The medicines verification system roots out falsified medications
In Europe, falsified medications appear in approximately one per cent of all medicine packages within the legal medicine distribution system every year. There have been such cases in Finland, as well. In developing countries, up to a third of the medications received from a pharmacy or health care centre is falsified. Falsified medications are a worldwide problem, which is why other markets, such as the USA and Russia, are also developing their own verification systems.
“However, a medicines verification system can’t stop the falsified medication business operating outside the legal distribution chain. I truly hope and believe that this reform will wake people up and get them to avoid purchasing medications from sources other than pharmacies and legal online pharmacies. A falsified drug is a serious health hazard,” says Gohlke-Kokkonen.
FiMVO is responsible for building and managing the medicines verification system in Finland. The medicines verification system consists of a central European database where medicine manufacturers enter the identification information for each medicine package they bring to the market.
The information entered into this central database flows to the national databases used by the local actors in the medicine distribution chain: wholesale distributors, pharmacies and hospital medical services.
“The systems used by EU countries are very similar and can communicate with each other. However, their preparedness levels vary. The systems in the Nordic countries and Central Europe are very advanced, but there are countries whose systems won’t be ready by the deadline of 9 February 2019,” says Gohlke-Kokkonen.
In Finland, both the medicine manufacturers and the pharmacies’ system providers have already tested the system. Wholesalers and hospital medical services will also participate in the testing phase to ensure the functionality of the system in all parts of the medicine distribution chain. The medicine distribution chain in Finland alone processes 7,000 different products and 70 million packages every year.
“We’ll start increasing the number of users in a controlled manner during the summer, and our goal is to have 95 per cent of wholesalers, pharmacies and hospital medical services linked to the medicines verification system by November. We want to ensure the system’s functionality well before the deadline set in legislation,” Gohlke-Kokkonen states.
Connecting pharmacies to the medicines verification system requires collaboration with the pharmacies’ system and automation providers. For example, NewIcon sees to the software and hardware updates of their automation devices to ensure the connection between the pharmacy system and the medicines verification system.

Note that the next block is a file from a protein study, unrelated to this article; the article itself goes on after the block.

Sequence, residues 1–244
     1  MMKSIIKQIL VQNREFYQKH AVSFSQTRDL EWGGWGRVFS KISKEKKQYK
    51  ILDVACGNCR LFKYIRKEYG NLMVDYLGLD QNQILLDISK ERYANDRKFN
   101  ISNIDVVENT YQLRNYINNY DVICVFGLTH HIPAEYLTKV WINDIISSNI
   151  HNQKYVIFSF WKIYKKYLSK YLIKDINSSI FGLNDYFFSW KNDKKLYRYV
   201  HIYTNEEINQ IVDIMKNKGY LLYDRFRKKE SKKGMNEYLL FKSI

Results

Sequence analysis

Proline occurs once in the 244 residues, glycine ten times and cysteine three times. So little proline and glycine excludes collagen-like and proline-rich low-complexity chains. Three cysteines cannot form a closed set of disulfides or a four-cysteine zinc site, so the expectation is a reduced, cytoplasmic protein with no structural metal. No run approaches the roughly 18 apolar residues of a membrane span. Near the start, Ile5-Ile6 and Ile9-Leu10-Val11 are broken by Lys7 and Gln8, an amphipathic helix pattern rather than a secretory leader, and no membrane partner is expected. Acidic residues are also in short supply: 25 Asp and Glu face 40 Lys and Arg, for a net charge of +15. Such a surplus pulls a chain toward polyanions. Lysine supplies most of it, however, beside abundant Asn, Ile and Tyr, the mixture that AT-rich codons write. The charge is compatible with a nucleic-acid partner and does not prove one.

“Our common goal is to keep delivering medicine packages to patients and pharmacies’ customers without delays or interferences,” says Gohlke-Kokkonen.
FiMVO and the actors of the medicine distribution chain are working on instructions that will provide pharmacies and other actors with practical solutions for possible problems. Medicines verification will be a new stage in the pharmacy workflow, which requires some learning.
“We will go over the process of medicines verification in advance. We’ll create clear instructions for situations where the system alerts the user about a falsified medication or when there’s a technical issue, for example. The practical work and customer service will be easier and faster when all parties are already familiar with the process,” Gohlke-Kokkonen says, explaining the purpose of the instructions.
According to Gohlke-Kokkonen, automated dispensing systems will make the new work stages easier for pharmacies. The information on the identification code of a medicine package, such as the product’s expiry date and batch number, will be recorded on the automated dispensing system, which will make it easier to manage the storage and recall products in case of a problem.
Connecting to the medicines verification system requires great effort from pharmaceutical companies, who will need to deliver medicine packages labelled with an identification code that verifies the product’s authenticity. The reform will require investments on production line devices that add the codes on the packages and transfer the information on the code to the medicines verification system. At the same time, an anti-tampering mechanism, such as an adhesive seal, needs to be added on the packages.
“The costs per company will be significant. I feel that some companies will completely stop manufacturing some of their products. Even we don’t know how many companies will hold sales permits next year.
However, the investments are small compared to the benefits that can be gained from them. Medication safety will improve, meaning that the legal medicine distribution chain will provide people with medications that are 100% safe.
“The medicines verification system will also impact the reputation of pharmaceutical companies and strengthen people’s trust in the entire distribution chain. In the future, you can be sure that your medication is safe,” Gohlke-Kokkonen states.
Maija Gohlke-Kokkonen, General Manager
Finnish Medicines Verification Organisation, FiMVO. The organisation is owned by Pharma Industry Finland, Orion Corporation, the Finnish Generic Pharmaceutical Association, the Suppliers of Parallel Imported Medicines in Finland, the Association of Finnish Pharmacies and the Association of Pharmaceutical Distributors.
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